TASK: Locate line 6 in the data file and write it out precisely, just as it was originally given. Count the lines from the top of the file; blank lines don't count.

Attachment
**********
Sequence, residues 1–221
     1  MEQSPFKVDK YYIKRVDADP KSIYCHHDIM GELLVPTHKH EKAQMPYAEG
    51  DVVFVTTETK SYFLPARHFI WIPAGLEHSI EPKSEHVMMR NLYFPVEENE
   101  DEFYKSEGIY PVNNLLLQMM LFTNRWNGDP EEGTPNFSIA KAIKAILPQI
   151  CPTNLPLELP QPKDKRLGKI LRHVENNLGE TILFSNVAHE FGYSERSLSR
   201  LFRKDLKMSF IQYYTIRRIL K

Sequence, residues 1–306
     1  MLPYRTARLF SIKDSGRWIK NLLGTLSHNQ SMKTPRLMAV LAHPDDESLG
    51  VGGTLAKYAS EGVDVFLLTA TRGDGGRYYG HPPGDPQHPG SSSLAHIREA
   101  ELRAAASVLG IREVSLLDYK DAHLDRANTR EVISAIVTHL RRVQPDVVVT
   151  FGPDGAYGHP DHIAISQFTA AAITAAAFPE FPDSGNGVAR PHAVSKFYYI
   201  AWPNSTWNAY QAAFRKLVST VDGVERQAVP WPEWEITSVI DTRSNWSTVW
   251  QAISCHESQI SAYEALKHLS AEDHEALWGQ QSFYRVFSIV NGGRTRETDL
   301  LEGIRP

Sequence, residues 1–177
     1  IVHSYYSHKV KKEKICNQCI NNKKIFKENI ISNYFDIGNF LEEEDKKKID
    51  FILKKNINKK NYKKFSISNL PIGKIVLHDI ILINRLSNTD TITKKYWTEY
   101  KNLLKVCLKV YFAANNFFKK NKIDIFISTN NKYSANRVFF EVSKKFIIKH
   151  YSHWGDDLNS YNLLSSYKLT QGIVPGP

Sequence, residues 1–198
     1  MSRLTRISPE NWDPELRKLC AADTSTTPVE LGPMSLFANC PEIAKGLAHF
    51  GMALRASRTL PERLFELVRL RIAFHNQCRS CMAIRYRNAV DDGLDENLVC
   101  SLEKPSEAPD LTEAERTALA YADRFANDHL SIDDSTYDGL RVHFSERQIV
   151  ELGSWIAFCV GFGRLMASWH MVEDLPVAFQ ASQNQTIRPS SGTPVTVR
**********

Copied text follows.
   201  LFRKDLKMSF IQYYTIRRIL K